September 1, 2014

What Problems Will the ACA Cause Next Year?

White House - ACA

Much of the recent discussion of the Affordable Care Act (ACA) has concentrated on the malfunctioning health insurance exchange website and the termination notices that many individual market insurance purchasers have been receiving. That’s not surprising because the media concentrates on the here and now, and these problems are currently inconveniencing a lot of people.

But as the federal government solves these problems, attention inevitably will turn to the negative effects of the health care law on employment and consumer spending. Both will emerge as issues in 2014, when consumers react to ACA-driven changes in the cost of health insurance, and small business owners grapple with the employer mandate.

Affordable Care Act Premium Increases

Health insurers are likely to raise premiums for 2015 for customers obtaining insurance through the new health care exchange. Fewer young healthy people are likely to buy insurance through the new exchange than the government originally had anticipated. While older and sicker people who need to cover pre-existing conditions will likely persist in getting coverage through a tough-to-use website, a larger-than-expected fraction of young and healthy people will likely pay the penalty for non-insurance.

The end result will be an older and sicker risk pool than policy makers had hoped for, which will cause insurers to raise premiums for 2015.

Once Americans can sign up for health insurance online, many of them will find out that the plans they can purchase have high deductibles. Those deductibles, combined with notices of rising premiums (which will be sent out by insurers sometime next year), will strain consumers’ household budgets. This sticker shock will dampen consumer spending (probably in the second half of 2014), just as big retailers like Wal-Mart are now predicting.

Affordable Care Act Job Loss

As small businesses prepare for the employer mandate, they will cut hiring and trim workers’ hours. Because companies with 50 or more employees now need to offer health care coverage to full-time workers, businesses will cut some worker hours to part-time levels. Recent surveys by the International Franchise Association and the U.S. Chamber of Commerce, the International Foundation of Employee Benefit Plans (IFEBP) and the Gallup Organization indicate that between 12 and 18 percent of employers have already begun converting full-time jobs to part-time in response to the new law. The numbers will only grow as we get closer to the start of the employer mandate.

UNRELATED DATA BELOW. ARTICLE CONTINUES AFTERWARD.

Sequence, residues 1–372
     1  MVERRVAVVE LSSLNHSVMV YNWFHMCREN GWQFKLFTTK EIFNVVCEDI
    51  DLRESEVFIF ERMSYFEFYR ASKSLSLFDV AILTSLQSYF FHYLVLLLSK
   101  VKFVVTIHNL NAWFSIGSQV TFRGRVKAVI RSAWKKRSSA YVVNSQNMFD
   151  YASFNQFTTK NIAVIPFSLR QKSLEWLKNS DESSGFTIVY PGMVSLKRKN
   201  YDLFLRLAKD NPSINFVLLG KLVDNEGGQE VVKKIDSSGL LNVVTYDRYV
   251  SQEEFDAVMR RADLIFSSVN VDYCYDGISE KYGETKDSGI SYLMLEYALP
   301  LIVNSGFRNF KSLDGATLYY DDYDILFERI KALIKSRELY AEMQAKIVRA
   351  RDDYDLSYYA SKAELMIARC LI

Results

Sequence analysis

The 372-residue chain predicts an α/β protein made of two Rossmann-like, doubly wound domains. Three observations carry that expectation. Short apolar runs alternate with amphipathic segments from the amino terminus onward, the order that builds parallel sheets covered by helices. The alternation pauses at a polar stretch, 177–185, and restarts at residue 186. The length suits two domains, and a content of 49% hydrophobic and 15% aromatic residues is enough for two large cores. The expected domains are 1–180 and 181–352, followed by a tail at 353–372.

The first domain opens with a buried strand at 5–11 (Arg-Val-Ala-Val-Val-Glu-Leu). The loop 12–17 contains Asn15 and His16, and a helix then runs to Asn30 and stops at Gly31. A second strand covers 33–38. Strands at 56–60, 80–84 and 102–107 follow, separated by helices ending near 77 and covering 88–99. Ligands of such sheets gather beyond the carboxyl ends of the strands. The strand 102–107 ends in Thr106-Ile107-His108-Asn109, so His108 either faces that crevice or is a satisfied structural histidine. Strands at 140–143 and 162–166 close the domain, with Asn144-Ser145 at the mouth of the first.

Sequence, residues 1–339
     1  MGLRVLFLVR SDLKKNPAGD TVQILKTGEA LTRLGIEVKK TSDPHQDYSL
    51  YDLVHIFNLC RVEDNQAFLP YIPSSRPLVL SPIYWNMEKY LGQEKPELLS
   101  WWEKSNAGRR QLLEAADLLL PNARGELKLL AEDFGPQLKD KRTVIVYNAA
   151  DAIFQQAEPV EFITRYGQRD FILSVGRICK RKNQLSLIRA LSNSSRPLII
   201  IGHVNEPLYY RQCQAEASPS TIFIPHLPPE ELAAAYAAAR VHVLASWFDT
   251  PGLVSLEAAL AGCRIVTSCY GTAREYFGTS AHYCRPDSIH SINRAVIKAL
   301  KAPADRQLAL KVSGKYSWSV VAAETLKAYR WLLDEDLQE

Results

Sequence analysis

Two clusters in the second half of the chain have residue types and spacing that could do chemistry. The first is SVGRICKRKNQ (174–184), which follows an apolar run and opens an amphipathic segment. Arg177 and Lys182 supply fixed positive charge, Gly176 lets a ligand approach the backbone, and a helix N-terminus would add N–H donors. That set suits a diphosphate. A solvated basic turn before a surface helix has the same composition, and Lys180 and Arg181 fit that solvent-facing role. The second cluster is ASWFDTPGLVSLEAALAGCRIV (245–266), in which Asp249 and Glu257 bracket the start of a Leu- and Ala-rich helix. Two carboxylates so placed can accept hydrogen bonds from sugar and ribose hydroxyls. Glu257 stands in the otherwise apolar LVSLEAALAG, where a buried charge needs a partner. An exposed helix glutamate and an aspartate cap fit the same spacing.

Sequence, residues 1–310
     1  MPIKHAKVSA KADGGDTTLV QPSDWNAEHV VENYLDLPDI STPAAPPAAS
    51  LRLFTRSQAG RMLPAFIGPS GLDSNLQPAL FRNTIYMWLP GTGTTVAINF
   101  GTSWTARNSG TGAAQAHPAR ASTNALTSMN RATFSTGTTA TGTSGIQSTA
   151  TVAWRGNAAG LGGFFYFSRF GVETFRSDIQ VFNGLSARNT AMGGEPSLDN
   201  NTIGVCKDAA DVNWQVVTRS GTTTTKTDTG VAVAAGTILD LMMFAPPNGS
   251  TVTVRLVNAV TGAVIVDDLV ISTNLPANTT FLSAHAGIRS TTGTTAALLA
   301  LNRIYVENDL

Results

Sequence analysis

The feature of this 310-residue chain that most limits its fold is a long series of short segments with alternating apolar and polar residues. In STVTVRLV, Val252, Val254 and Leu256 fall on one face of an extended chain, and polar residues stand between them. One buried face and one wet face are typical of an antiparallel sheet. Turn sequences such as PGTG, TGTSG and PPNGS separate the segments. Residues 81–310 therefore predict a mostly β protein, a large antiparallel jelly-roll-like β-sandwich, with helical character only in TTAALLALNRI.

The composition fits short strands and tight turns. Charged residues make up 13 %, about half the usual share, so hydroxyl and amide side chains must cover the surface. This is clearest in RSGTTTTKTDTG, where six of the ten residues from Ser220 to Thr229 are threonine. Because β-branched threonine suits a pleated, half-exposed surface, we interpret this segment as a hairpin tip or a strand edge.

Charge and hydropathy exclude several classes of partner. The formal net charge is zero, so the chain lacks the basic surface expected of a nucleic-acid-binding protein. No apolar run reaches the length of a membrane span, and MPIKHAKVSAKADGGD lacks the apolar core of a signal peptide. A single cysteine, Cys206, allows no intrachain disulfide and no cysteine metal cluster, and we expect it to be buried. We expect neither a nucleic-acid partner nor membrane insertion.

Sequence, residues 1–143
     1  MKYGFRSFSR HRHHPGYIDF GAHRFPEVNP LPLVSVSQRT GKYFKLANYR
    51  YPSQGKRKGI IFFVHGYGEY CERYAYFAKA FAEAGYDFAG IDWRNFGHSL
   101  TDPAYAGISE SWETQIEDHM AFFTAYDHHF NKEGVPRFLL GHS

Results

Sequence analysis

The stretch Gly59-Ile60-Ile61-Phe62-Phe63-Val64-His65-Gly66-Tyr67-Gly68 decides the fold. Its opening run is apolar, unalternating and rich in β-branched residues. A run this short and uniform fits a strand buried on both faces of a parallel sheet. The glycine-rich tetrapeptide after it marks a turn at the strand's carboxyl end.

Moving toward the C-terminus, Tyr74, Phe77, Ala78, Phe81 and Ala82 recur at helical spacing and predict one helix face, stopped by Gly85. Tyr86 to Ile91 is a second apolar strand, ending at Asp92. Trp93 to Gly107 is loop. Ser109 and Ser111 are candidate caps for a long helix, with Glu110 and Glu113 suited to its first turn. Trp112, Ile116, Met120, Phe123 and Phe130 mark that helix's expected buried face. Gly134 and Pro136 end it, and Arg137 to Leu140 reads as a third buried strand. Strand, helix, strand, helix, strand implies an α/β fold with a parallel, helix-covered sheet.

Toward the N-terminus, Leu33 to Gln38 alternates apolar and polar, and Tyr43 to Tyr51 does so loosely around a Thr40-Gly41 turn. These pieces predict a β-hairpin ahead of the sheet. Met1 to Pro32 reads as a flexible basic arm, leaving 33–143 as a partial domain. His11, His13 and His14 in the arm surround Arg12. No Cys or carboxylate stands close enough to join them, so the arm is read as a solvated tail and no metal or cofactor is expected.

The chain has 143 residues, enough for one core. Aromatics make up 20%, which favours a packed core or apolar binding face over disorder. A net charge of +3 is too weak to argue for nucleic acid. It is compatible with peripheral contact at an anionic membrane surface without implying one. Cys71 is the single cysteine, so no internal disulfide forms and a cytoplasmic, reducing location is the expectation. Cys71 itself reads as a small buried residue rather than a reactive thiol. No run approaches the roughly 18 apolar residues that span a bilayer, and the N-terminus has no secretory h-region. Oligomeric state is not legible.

Unable to absorb the cost of employee health insurance, small businesses in low margin industries will cut hiring. The IFEBP survey showed that 7 percent of small companies have already cut employment in response to the law, while the Gallup poll indicated that 19 percent have shed workers.

Future hiring plans will also be trimmed. More than four-in-ten respondents to the Gallup poll said they “have held off on plans to hire new employees” and nearly four-in-ten “have pulled back on plans to grow their business” in response to the ACA. One-in-four small businesses has indicated that they will “reduce hiring” in response to the new law.

The layoffs and hiring cuts will be concentrated among businesses with just under 50 employees, as companies seek to keep their work forces below the cut-off at which they have to offer employee health insurance. The IFA-Chamber survey reveals that more than half (52 percent) of businesses with between 40 and 70 employees plan to “make personnel changes” to remain below 50 workers.

Some companies will respond to the law by dropping employee health insurance. The IFA-Chamber survey indicates that more than one quarter (28 percent) of businesses surveyed will drop employee health insurance coverage and pay the penalty for non-insurance in 2015, when the employer mandate begins.

While the termination notices and problems with the health care exchange website are today’s headlines, the major economic costs of the new health care law will not be felt until later next year. Americans should expect a slight softening of consumer spending and a modest decline in workers’ hours and employment as the new law goes into effect.

White House image via Shutterstock

8 Comments ▼
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Scott Shane


Scott Shane Scott Shane is A. Malachi Mixon III, Professor of Entrepreneurial Studies at Case Western Reserve University. He is the author of nine books, including Fool's Gold: The Truth Behind Angel Investing in America ; Illusions of Entrepreneurship: and The Costly Myths that Entrepreneurs, Investors, and Policy Makers Live By.